Development, Methodologies and Modeling
Last edit December 2006
We are looking at how an analyst (or analyst team) designs information
systems - at the Requirements Analysis
and Design phases of the systems development life cycle.
Traditional Life Cycle
The diagram above shows the 'Traditional' systems development life cycle,
highlighting the stages in which modelling is typically used. (However,
modeling, and the techniques we will look at can be, and are used in every
type of system development process. The above diagram is itself a model!)
The problem for the analyst is
that any real world system is complex and computers somewhat limited in
functionality. The analyst needs to abstract from the target system
(ie: the system being analysed) the important data and activities/processes
which must be incorporated in a computerised system to make it useful.
In the last thirty years a number of
incorporating a variety of techniques, have been developed to make the
analysis and design stages more manageable. Almost every methodology has
at its heart at least one modeling technique.
In the initial Project Selection phase, a major decision is what system
development life cycle (SDLC)
will be used during the project.
A second major decision is what methodology
will be used - although often this decision is made by default when an
analyst or consultant team is chosen. There are many different methodologies
used in systems development.
which will help the systems developers .. to implement a new information
system. .. It is usually based on some philosophical view, otherwise
it is merely a method, like a recipe." (Avison and Fitzgerald,
"A methodology is a collection
'Philosophical' in this context
can be understood as referring to the underlying attitudes and viewpoints,
and the different assumptions and emphases to be found within the methodology.
For example, some 'philosophies' on which a methodology might be based:
Why use a
Systems are 'hard', structured, mechanistic.
Systems are 'soft', unstructured, organic.
Make as much use of computers as possible.
Include users in all phases.
Describe problems in order to generate solution.
Concentrate on solutions rather than problems.
Use prototypes wherever possible.
Use an evolutionary process; etc.
To introduce structure into design and make it more manageable
To make the analysis and design process more accessible to non-experts
Avison & Fitzgerald (1991) describe a number of methodologies eg:
Gane and Sarsons (STRADIS),
IE (Information Engineering),
SSADM (Structured Systems Analysis and Design Methodology),
JSD (Jackson Systems Development),
SSM (Soft Systems Methodology,
are models of the real world - they abstract
from the complexity of the real world.
The analyst observes the complexity of the real world and constructs
a model of (parts of) the target system in her head. Using systematic modeling
techniques the target system can be modeled on paper, or, using a Computer
Aided Software Engineering (CASE) tool, in a computer package. Some CASE
tools (in theory) will process the model to produce the required new system
- at the press of a key!
You as model
For example, you exist in model form in a number of systems. It has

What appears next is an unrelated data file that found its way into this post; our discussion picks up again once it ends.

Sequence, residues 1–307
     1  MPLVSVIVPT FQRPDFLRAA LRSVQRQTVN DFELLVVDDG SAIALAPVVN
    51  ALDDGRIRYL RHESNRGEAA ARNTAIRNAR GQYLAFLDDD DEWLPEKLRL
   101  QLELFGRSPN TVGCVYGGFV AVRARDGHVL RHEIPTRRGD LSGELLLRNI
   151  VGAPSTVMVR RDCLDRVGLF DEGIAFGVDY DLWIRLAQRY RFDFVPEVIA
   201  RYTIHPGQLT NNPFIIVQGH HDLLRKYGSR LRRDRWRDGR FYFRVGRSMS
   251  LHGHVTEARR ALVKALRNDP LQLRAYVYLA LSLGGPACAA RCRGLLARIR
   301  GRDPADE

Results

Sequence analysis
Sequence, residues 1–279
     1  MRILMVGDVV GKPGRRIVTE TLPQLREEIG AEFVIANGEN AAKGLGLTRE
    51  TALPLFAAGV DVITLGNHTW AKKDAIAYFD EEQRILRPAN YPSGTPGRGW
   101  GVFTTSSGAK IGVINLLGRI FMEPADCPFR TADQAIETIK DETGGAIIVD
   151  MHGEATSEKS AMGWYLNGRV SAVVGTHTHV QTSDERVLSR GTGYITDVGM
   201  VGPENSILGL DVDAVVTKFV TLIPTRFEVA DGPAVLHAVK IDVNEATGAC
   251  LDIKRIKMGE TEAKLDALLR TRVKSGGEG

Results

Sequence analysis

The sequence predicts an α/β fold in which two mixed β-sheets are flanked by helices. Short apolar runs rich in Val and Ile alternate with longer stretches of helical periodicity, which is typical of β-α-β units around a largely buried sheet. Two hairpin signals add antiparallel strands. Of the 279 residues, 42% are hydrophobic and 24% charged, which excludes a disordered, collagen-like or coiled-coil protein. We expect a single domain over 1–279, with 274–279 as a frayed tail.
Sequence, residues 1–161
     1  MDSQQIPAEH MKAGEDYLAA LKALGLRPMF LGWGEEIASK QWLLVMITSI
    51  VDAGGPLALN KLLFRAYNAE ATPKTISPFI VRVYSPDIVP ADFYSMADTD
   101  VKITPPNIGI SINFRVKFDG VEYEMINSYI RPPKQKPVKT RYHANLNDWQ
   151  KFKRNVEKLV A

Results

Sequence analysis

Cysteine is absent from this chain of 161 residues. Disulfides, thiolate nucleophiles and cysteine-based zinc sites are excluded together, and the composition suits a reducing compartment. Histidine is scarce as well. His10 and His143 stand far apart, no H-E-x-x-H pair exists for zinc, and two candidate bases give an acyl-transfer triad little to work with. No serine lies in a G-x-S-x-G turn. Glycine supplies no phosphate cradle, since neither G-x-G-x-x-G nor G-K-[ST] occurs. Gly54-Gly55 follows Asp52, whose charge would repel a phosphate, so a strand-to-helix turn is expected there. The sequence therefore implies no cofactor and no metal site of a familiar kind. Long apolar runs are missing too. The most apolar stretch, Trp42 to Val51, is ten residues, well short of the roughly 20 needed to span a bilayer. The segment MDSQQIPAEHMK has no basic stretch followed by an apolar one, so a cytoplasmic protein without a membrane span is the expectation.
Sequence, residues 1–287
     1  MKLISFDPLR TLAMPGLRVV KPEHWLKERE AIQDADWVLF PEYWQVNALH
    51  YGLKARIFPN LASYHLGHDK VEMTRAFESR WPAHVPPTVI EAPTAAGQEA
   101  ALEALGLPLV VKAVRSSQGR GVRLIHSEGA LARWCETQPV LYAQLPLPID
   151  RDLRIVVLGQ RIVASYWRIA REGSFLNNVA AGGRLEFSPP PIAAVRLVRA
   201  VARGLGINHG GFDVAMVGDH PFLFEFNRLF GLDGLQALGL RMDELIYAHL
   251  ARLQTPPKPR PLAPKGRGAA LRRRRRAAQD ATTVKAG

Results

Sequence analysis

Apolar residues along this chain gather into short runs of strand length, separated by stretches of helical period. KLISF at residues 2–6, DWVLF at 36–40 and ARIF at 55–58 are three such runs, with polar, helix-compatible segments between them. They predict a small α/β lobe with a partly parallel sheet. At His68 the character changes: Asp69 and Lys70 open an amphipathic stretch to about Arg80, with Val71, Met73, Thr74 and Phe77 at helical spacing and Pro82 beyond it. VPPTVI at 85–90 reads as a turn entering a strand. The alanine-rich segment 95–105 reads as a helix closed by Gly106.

been estimated that every human being in England 'exists' - ie: has a virtual
existence - in at least 20 database systems - and I would suggest this
is a very low estimate.
One thing that all these systems have in common is that the 'you' which
they model is an abstraction - usually
your name and only those details which are relevant to the particular system.
Events which happen to you in the real world are (or should be) mirrored
in the model, but only those events which are seen to be relevant to that
A number of the systems in which you 'exist' are within UWE. As a student
you must be in the Admissions, Library, Student Union, and Faculty systems.
Other systems which will include a representation, or model, of you
are Government and Banking Systems, as well as, perhaps, Supermarket and
How up-to-date a computerised model is, is dependant on the efficiency
of the system's methods of data capture.
As a student you do assignments. Assignments are modeled in the computer
system solely by a record of the mark or grade achieved for each assignment.
When you get an assignment grade or mark, then the 'you' in the Faculty
system has a mark allocated (usually by a member of staff entering the
mark via a terminal).
What is a model?
For the assignment, the model of you in the system does not do
anything other than receive a mark. Sometimes the 'you' in the Faculty
system gets the mark before the real-world 'you', sometimes vice-versa,
and it is always possible for the computer model of 'you' to have a different
mark or grade!
Douglas T. Ross (in Marca 1988) suggests that a
model answers questions; that the definition of a model is:
questions about A
We need to model complex systems in the real world in order to understand
them. For example: we create computerised models of the real world to manipulate
large amounts of data and hence derive information which can assist in
An analysts will create diagrammatic models of a target or proposed
system in order to:
Modeling techniques are extremely useful in tackling the complexity which
is found when attempting to analyse and understand a system. Models are
also extremely useful communication tools; ie: complex ideas and concepts
can be captured on paper and can be shown to users and clients for clarification
and feedback; or for distribution to other professionals, team members,